The first of these (TCD MS 3529) is the Book of Private Devotions of James II. This is a small, confessional volume of letters, prayers and memoirs written in James’s own hand and mostly dated 1698-1700. Written around eight years on from his defeat at the Battle of the Boyne, James was then nearing the end of his life, in exile in Saint-Germain-en-Laye, where he was subsidised by Louis XIV of France. The volume provides a window into the deposed King’s psychological state and pious obsessions. At one point he proffers advice on how best to spend one’s leisure time: through prayer, meditation and good books. Also admissible as leisure-time pursuits are matters of business, (moderate) hunting, shooting, and tennis (but only for exercise and the desirable company it could afford). James particularly advises against attending balls, operas and plays but concedes that ‘if obliged at any time to go to any of them, to governe one’s [eyes] with discretion, and to let one’s thoughts be of the vanity of them’. In the Edinburgh exhibition the volume was displayed underneath two wall sconces and alongside a service book (belonging also to James, and his queen, Mary of Modena) loaned from the Royal collection. Also in the case were his spectacles case, along with a pair of contemporary spectacles, loaned by the V&A – in short, the personal effects that the exiled king would have likely kept on his bedside table.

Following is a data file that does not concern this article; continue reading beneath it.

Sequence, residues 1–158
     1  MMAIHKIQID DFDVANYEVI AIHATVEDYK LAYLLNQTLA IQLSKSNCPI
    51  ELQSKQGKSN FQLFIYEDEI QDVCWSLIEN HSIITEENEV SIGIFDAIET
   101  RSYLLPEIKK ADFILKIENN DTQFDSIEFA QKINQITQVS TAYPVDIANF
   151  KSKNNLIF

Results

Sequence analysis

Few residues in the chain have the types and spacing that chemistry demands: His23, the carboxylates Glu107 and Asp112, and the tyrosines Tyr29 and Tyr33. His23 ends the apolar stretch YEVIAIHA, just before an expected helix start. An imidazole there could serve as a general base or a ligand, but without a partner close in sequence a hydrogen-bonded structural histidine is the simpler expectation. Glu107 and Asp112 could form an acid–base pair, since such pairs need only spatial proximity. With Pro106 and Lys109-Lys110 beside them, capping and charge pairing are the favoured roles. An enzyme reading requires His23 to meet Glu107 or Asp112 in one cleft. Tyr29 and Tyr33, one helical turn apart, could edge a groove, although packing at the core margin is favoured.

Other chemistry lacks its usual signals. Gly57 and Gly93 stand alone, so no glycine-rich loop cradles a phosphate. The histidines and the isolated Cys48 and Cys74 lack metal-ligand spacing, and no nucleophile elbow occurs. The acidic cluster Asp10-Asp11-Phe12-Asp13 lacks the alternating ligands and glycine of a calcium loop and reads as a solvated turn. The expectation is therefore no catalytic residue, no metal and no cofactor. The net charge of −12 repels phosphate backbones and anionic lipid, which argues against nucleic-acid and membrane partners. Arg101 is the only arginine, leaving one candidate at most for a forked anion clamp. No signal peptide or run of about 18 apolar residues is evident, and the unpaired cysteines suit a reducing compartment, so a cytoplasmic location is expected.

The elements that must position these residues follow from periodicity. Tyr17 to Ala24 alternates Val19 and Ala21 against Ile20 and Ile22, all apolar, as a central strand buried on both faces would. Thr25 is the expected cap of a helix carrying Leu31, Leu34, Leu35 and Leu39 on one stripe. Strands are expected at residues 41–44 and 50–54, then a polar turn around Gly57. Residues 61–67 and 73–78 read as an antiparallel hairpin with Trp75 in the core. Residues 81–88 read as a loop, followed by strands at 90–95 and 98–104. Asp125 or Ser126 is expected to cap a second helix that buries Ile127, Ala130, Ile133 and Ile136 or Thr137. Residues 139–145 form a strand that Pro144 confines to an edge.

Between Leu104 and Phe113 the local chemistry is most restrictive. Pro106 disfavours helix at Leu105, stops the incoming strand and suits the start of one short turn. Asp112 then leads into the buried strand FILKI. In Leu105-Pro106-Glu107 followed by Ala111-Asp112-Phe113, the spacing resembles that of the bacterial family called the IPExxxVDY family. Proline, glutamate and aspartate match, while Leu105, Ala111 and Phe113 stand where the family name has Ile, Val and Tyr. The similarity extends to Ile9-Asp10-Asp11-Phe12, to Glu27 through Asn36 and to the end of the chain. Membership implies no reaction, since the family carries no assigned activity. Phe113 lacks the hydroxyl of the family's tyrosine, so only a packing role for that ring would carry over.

The second manuscript on loan from Trinity (TCD MS 7574) is the marriage certificate of James II’s son, James III (the ‘Old Pretender’) and the 17-year-old Polish princess Maria Clementina Sobieska (1702-1735) – the parents of Charles Edward Stuart (Bonnie Prince Charlie). Its elaborate frontispiece bears the combined Stuart and Sobieski coats of arms above a hilltop village probably intended to represent Montefiascone, near Lake Bolsena, north of Rome – the venue for the wedding, and summer residence of the then Pope, Clement XI. That the union took place at all is nothing short of remarkable given the events that led up to it played out like a Hollywood blockbuster: the couple were pursued across Europe by the agents of King George and the Holy Roman Emperor Charles VI leading to an ambush, an imprisonment, and a jailbreak, with a maid in disguise, lost jewels, false identities, forged passports, broken axles, and the spiking of some hapless pursuers’ drinks all thrown in for good measure.